Belgard Pavers, Muskogee crape myrtle, pyracantha, Ravenscourt Landscaping & Design LLC, Statue Makers Fountain, water permeable patio
In this recently finished project we used Belgard Eco-Dublin pavers to transform a small back lawn into a more usable space and inviting space. To create more of a courtyard feel we camouflaged the wooden fence with plants. We planted Star jasmine vines on the north fence and a row of crape myrtles along the south fence. We added trellising behind the existing pyracantha on the garage wall.
We had to first decide how large the patio would need to be; this serviceability is very important both in the design as well as the functionality. We made sure to understand how the clients would like to use the space (walking to and from the garage, outdoor dining, space for the dog to run) before we broke ground. Once the design/parameters were understood we commenced with the on-site preparation.
We had to demolish and remove this brick path, strip off the sod and move this grey gravel out of our work area. Fortunately the gravel found another life filling elsewhere on the property. The soil became fill-dirt and the grass went off to become compost.
Below-ground conditions had to be changed at several turns. This drain line ran straight through the bed where we wanted to plant several trees. Fortunately it was no surprise as we saw the builder install it. A slight shift over and we had plenty of room. Once we dug down sufficiently in our patio site we were ready to bring in our base material.
You will notice that we pile up the base roughly in the space it will go. We have already excavated and created a rough-grade for the patio at this point (which, for this project, was flat). We will then rake the DG to its desired height/pitch (again, flat on this project because the patio is permeable)
The base material is compacted to help reduce settling and shifting. The drain line was reinforced with this pipe to keep the below-ground fitting from becoming distorted (it can be challenging to later try to put a round pipe into a formerly-round hole).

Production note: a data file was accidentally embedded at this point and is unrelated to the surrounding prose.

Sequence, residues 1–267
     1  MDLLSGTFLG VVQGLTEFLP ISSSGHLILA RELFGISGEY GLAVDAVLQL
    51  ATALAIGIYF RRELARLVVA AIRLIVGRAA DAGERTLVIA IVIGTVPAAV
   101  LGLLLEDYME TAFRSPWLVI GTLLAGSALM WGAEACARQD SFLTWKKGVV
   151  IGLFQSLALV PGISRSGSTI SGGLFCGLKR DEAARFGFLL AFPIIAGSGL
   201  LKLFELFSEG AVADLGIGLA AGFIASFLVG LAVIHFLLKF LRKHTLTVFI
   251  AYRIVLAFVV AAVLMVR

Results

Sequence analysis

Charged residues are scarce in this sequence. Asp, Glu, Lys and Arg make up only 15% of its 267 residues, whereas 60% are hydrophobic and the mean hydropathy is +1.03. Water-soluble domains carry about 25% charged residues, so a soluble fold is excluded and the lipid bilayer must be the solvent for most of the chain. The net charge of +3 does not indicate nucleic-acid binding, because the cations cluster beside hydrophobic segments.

I reinforce the edge of my paver patios by mortaring the outermost stones. These secured soldiers stop the patio from shifting horizontally (gravity keeps it from shifting vertically). I have seen the soldiers also secured with the use of edging material (such as steel edging) but I have more confidence with mortared stones, though they take longer to prepare and install.
The design called for a fountain and our designer thought a round detail would be appropriate. When bringing the field pavers in towards an edge we use as many whole pieces as we are able. After they are all set we measure and cut the filler stones.
The finished results are a nice open space to move around in or gather with friends.
As these Muskogee Crape myrtles grow taller they will add more shade from the southern sun on part of the patio.
A beautiful fountain the owners picked out from Statue Makers one of our favorite fountain shops. The sound of running water will be soothing especially on a warm summer evening.
Today’s post, like most Monday landscaping installation posts, is a collaboration between myself and my husband and business partner Shawn Michael.
Bug Woman said:
I really like that this patio is water-permeable. In London, over 30% of gardens have disappeared under impermeable substances in the past twenty years, and then people wonder why there is localised flooding and pollution from run-off. This shows that you can have beautiful paving that is also permeable…
Laurin Lindsey said:
Good Morning BW, like in London we have subsidence and heavy clay soil. Our normal rainfall is 52 inches and Houston is actually an alluvial plan draining to Gulf of Mexico. Drainage is a big problem here. We are an all organic company and teach our customers to work on soil health as part of the drainage solution. We can get 18 inches of rain in one day, tropical storms and hurricanes are common. We love doing patios that can drain and that are easy to dismantle and can be re-leveled when they need to be. It also helps with the trees and plants to have more water soak in over a larger area. Cheers!